Could it be that it was the same man that helped Obama to end two wars that talked Obama into calling off those strikes at the last minute? I wonder about what would have happened if that walk was taken with ruthless Rahm Emanuel instead. Whether it was good policy or not, it was Obama’s own “red line” that was crossed and his inaction diminished the United States in the eyes of the rest of the world. The buck stops with him, not his chief of staff. But advisors can play huge roles in the success—or lack thereof—of any leader.
When Obama failed to take action in Syria, after declaring that red line, He looked weak and indecisive. And that was not only the view from foreign capitals, it was the view from inside our borders as well. And for any leader, especially the one at the helm of the free world, there is great danger with looking weak and indecisive.
It invites miscalculation—both home and abroad.
Could it be that the Republicans—who felt that Obama would back down as had been his method of operation up to that point—would not have shut down the government had Obama had a reputation for standing up and doing exactly what he said he was going to do? Of course, we will never know the answer to that, but it certainly gets one thinking. And regardless of who is responsible (and the American public mostly blames congressional Republicans), it is Obama’s economy. And in his economy, the U.S. dollar is not worth as much as it was worth before the 16-day shutdown and near default of the full faith and credit of the United States. Not when Chinese leaders come out—and they never come out—to call for the “de-Americanization” of the world.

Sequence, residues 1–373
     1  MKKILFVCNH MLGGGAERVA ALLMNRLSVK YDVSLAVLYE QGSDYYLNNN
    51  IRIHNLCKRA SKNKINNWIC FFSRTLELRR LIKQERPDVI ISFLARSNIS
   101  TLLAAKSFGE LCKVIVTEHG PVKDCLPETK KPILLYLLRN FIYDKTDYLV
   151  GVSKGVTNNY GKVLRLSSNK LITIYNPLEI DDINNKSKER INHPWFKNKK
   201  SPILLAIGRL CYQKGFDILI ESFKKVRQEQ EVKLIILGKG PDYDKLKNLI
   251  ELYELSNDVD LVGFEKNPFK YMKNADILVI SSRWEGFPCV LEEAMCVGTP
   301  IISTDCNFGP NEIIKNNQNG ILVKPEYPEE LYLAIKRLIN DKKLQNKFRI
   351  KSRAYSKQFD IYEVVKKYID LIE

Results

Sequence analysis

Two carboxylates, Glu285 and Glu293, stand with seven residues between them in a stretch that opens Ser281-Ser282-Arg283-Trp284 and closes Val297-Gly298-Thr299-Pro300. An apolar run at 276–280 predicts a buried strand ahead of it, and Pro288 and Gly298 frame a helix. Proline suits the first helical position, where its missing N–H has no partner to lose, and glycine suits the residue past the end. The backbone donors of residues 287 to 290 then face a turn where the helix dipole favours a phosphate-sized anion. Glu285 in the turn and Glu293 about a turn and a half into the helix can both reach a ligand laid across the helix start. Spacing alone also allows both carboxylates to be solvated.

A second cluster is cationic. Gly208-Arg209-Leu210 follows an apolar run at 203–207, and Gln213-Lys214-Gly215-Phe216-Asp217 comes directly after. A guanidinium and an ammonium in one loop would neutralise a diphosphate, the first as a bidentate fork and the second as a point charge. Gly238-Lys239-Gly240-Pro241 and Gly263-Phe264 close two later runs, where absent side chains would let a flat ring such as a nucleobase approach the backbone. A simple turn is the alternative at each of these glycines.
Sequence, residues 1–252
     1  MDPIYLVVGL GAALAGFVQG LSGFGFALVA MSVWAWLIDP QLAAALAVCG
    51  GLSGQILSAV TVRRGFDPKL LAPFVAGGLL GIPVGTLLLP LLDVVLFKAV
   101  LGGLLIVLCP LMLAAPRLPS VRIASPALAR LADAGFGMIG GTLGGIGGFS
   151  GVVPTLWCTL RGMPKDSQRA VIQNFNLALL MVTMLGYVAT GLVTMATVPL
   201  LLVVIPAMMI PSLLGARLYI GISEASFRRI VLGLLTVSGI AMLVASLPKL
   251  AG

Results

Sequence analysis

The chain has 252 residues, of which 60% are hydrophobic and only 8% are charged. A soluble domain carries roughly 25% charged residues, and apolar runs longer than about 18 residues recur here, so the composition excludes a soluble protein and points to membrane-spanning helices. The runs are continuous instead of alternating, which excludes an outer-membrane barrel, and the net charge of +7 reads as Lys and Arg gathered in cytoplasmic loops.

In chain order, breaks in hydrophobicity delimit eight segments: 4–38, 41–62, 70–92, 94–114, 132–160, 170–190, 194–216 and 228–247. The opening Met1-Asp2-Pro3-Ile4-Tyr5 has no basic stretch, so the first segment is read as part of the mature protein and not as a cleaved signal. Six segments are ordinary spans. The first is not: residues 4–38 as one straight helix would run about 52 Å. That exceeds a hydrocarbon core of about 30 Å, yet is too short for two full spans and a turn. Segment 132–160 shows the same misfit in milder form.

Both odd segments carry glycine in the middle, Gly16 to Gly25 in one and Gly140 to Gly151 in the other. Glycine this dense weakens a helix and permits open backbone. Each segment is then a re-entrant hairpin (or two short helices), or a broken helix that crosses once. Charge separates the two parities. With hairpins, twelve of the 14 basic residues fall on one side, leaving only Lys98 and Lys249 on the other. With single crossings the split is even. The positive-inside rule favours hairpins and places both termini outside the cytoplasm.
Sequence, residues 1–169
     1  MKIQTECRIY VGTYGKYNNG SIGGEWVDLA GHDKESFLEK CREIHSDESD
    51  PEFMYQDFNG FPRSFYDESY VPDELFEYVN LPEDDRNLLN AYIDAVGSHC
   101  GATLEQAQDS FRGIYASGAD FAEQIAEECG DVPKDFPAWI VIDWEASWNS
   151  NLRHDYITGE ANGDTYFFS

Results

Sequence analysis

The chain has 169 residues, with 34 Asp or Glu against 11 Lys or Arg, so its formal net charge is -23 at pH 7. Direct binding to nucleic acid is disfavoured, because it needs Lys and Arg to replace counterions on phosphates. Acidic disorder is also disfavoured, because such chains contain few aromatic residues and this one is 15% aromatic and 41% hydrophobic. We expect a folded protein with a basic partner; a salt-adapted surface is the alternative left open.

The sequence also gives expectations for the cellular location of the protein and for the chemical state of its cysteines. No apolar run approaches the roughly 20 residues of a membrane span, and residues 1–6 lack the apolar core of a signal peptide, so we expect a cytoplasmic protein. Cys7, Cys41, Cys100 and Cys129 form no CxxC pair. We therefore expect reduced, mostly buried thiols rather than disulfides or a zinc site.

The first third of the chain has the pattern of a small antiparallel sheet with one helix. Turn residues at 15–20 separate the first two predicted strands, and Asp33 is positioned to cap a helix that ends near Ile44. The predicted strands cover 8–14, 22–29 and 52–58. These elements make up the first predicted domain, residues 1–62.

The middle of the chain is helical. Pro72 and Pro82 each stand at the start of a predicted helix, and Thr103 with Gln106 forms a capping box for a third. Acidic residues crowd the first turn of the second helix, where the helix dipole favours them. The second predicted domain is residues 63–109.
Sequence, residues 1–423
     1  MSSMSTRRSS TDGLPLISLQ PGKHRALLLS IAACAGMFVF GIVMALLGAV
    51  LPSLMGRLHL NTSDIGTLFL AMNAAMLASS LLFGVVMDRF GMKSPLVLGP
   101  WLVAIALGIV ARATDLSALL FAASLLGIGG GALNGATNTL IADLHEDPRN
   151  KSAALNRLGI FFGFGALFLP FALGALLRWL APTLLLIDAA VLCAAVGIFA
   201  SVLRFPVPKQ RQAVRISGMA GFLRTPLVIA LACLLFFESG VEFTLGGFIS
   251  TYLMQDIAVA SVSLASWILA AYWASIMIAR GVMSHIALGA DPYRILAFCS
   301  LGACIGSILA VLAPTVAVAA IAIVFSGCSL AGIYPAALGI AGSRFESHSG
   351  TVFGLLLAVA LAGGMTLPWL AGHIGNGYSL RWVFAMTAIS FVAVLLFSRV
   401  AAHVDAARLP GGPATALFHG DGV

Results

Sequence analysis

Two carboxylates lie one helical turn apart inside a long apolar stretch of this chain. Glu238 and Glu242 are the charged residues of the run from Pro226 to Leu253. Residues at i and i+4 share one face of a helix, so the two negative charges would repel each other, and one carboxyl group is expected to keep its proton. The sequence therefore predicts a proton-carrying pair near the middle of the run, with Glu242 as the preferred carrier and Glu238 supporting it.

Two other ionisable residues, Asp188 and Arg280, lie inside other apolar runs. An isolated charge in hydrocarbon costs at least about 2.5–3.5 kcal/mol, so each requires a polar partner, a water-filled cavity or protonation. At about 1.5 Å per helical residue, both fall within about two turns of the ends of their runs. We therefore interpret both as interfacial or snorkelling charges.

Right now we are in the thick of the Website disaster that is the face of Obamacare. The optics for the president are disastrous. But the Website is merely a symptom of a much larger, systemic problem. And that is that Obama has surrounded himself with a cabinet—and a team of advisors—that rates no better than a “C” and really much closer to a “C-.” How else can you explain the fact that no one even bothered to tell the president that the Website for his one signature piece of legislation was in trouble before he could do anything about it?